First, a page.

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Eltayeb v. United States

United States District Court, E.D. Virginia, Richmond Division.

June 27, 2014

ABDELF ELTAYEB, Plaintiff,
v.
UNITED STATES OF AMERICA, Defendant.

MEMORANDUM OPINION

JOHN A. GIBNEY, District Judge.

This matter comes before the Court on the plaintiffs motion challenging the United States Attorney's certification of the case. (Dk. No. 3.) Pursuant to 28 U.S.C. § 2679(d), the Attorney General has the discretion to certify that a federal employee acted within the scope of his employment at the time of an alleged tortious act. Once certified, the Attorney General must remove the case to a federal district court and substitute the United States as the sole defendant. 28 U.S.C. § 2679(d). The case then proceeds under the Federal Torts Claim Act. Id.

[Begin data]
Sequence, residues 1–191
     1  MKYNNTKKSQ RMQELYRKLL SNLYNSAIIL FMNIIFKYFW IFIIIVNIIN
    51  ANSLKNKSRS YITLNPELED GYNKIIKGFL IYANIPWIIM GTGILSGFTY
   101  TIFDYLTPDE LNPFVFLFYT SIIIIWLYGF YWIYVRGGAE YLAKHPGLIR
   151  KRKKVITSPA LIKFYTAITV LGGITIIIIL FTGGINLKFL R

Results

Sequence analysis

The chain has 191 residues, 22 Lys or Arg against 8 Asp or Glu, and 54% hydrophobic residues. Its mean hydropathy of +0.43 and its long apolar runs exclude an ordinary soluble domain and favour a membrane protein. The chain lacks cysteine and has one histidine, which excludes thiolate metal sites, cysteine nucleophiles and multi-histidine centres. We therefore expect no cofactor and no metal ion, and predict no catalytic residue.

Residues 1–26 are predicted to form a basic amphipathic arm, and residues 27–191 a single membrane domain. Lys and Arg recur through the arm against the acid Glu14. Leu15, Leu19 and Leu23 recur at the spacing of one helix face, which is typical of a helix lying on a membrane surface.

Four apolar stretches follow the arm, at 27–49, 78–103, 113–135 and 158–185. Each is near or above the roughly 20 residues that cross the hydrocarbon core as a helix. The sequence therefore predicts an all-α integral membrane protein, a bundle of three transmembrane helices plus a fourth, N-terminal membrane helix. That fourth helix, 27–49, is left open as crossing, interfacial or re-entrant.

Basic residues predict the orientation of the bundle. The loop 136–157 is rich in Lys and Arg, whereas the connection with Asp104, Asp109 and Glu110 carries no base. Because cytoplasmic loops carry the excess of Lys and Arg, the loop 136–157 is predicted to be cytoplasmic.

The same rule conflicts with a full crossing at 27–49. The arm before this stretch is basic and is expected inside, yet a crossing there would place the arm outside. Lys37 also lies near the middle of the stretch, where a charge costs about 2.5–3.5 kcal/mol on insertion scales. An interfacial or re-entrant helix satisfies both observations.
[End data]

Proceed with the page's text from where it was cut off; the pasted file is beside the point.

The plaintiff, Abdelf Eltayeb, originally filed this claim in state court against Reginald Bell, a federal employee at the Norfolk Naval Shipyard. The United States Attorney certified that Bell's conduct occurred within his scope of employment and, accordingly, removed the case to the district court and substituted the United States as the sole defendant. Eltayeb seeks to reinstate Bell as the defendant by asserting that Bell acted outside of his scope of employment. The Court denies the plaintiffs motion and upholds the United States Attorney's certification because the accident occurred within Bell's scope of employment.

I. Facts